Incarceration & Reentry
Every year, New Haven receives about 1,200 men and women who are released from prison1. They are dropped off at varying times of day, usually early in the morning. Social service agencies, including faith-based organizations, face challenges locating these newly released individuals because of lack of information and coordination. Individuals re-entering New Haven from prisons are in need of housing, employment, mental health and primary care services, and a positive emotional support system. However, these individuals often “fall through the cracks” due to poor access and coordination of services and many are unable to receive the help that they need and in the long term are more likely to re-offend or end up back in prison.
Reentry is part of a larger challenge in criminal justice reform and the issue of mass incarceration. Mass incarceration has disproportionately affected African Americans and Latinos resulting in significant racial and ethnic disparities. Black men are incarcerated at nearly 5.6 times the rate of whites and Latinos are incarcerated at nearly double the rate of whites. Connecticut is one of the states with the highest racial and ethnic disparities in incarceration rates.
Our Leadership Strategy
The Community Foundation for
Greater New Haven is committed to improving the lives of recently incarcerated individuals and their families. When provided the right opportunities and support instead of barriers, formerly incarcerated men and women are far more likely to successfully find jobs, rebuild their relationships and reintegrate back into the community (read the issue brief here
). Building on its long history of supporting organizations serving recently incarcerated individuals, The Community Foundation for
Greater New Haven is making the issue of successful reentry a strategic focus.
Although the focus of this strategy is reentry, The Community Foundation understands that mass incarceration is a complicated issue with intersecting root causes including: structural racism, lack of access and coordination, education, policy, poverty and culture. The Community Foundation believes that as a community, we can do better to empower men and women to rebuild their lives when they return home.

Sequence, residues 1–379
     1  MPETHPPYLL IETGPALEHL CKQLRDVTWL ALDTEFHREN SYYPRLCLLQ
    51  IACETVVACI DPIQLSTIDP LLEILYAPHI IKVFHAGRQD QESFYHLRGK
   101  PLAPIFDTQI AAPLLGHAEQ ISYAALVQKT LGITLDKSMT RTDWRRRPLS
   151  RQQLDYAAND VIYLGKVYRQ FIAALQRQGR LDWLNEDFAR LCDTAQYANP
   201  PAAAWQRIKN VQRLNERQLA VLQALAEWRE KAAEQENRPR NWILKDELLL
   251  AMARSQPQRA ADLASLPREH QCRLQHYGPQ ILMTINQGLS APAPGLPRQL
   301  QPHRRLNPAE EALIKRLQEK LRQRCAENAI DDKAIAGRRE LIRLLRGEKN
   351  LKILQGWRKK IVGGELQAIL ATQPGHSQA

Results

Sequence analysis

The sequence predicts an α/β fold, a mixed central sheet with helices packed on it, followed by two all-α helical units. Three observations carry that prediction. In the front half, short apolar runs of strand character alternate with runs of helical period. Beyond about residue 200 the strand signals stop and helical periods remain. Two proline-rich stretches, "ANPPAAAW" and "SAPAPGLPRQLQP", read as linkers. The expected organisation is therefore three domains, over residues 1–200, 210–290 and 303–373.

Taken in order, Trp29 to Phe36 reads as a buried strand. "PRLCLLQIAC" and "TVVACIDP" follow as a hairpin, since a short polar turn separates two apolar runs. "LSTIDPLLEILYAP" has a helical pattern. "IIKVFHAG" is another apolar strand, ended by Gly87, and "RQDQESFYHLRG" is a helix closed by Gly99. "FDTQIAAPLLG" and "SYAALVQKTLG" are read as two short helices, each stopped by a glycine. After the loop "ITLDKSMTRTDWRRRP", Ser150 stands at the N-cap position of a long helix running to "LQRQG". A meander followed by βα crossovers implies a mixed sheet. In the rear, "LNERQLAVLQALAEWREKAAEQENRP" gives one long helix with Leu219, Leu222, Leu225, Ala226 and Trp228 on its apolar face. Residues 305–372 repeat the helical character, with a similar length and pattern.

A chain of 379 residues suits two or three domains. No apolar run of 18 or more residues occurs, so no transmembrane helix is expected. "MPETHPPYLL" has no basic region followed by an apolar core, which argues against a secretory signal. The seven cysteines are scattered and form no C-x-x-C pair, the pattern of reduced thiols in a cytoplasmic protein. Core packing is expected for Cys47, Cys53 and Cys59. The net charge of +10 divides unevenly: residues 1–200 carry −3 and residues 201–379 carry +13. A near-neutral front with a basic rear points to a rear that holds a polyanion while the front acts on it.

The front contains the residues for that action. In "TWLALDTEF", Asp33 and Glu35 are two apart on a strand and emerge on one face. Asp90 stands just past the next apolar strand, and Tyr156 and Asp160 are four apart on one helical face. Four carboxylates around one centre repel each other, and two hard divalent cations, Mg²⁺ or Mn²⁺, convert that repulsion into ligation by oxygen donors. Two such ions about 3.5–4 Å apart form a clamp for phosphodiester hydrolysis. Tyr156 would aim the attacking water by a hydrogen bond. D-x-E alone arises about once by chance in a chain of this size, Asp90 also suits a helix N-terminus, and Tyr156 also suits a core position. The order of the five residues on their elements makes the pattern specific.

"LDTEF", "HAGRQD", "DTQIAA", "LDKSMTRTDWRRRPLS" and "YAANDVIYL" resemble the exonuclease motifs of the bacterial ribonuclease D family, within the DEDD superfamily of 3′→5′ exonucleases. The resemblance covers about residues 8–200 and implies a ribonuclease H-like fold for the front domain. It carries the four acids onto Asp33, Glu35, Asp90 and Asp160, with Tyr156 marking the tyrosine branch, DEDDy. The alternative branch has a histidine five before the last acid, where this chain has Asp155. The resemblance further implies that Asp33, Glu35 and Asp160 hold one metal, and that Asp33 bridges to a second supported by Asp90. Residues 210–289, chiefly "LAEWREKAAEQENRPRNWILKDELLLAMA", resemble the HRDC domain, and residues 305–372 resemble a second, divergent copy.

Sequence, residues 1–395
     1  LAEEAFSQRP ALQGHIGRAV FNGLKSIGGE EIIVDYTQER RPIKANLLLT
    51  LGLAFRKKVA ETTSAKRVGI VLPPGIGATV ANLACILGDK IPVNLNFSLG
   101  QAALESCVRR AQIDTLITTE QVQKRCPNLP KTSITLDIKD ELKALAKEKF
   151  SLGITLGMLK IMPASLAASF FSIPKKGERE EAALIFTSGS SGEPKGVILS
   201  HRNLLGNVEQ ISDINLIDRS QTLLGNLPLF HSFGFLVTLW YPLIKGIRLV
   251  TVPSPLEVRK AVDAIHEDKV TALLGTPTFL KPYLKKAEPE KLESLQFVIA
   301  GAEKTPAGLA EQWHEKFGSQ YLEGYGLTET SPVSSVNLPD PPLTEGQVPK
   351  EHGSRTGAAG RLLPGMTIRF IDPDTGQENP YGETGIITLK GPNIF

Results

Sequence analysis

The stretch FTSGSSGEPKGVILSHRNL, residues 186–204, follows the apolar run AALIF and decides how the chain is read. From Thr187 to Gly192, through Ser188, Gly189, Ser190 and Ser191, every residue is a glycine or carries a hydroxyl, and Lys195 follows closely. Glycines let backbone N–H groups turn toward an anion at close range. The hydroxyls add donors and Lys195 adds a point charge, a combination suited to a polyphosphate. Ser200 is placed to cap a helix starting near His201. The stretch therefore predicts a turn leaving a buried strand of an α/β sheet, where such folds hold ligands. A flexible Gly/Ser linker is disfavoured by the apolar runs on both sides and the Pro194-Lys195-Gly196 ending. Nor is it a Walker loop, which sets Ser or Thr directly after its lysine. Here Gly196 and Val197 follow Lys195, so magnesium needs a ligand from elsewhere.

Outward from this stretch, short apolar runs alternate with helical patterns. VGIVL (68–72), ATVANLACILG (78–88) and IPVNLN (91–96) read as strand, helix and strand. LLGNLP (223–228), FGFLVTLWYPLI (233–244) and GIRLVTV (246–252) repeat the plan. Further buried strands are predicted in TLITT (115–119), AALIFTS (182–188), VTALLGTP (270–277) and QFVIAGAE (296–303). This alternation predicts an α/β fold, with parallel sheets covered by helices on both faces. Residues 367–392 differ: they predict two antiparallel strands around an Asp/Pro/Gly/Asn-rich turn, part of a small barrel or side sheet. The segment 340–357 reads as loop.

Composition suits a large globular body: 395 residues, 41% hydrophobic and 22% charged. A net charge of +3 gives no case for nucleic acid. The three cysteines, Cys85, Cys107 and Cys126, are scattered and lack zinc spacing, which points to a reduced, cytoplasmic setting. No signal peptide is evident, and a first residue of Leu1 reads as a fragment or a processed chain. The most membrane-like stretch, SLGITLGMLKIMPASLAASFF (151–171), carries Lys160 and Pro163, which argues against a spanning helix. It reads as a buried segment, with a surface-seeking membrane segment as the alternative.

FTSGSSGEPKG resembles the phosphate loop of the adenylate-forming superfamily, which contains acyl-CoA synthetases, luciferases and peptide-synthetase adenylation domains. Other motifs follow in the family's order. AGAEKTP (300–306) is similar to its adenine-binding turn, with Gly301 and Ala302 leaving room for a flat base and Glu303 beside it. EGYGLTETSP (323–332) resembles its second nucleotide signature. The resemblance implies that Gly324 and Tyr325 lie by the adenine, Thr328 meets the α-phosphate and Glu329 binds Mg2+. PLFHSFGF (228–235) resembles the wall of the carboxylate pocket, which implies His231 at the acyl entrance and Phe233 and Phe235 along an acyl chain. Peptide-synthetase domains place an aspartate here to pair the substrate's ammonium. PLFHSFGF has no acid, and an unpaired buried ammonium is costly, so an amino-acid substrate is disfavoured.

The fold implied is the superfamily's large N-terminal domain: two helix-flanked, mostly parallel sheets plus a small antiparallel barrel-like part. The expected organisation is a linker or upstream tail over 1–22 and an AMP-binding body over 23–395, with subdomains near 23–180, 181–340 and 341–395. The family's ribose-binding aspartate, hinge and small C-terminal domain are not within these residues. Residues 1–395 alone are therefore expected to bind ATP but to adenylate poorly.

A region where formerly-incarcerated individuals are empowered with opportunities so that they can successfully reintegrate, making them less likely to reoffend, and reducing the ripple effect on their children, family and the community as a whole.
Through community partnerships, grantmaking and public education, The Community Foundation hopes to achieve the following:
- Returning citizens will have access to a robust support network that empowers the reentering individual, their families, communities and providers to address education, housing, employment, and primary and mental health care tailored to the needs of individuals and their families
- Social service and community-based organizations are better coordinated with each other and with the criminal justice system, allowing service providers to better identify, reach, and effectively serve formerly incarcerated individuals
- Greater New Haven is better informed about the impact of incarceration
A clearinghouse of research on recidivism and reentry from the Prison Policy Initiative.
1 Avg. based on the City of New Haven’s Prisoner Reentry program data since 2009
2 2012 “Annual Recidivism Report,” State of Connecticut Office of Policy and Management Criminal Justice Policy and Planning Division. The comprehensive state survey found that nearly 80% of the men released from Connecticut prisons in 2005 were re-arrested within 5 years and 50% returned to prison on a new charge.
3 2,532 per 100,000 black residents are incarcerated; 1,401 per 100,000 Hispanic residents are incarcerated; 211 per 100,000 white residents are incarcerated, according to According to The Sentencing Project
6 CT Coalition to End Homelessness survey, 2014 data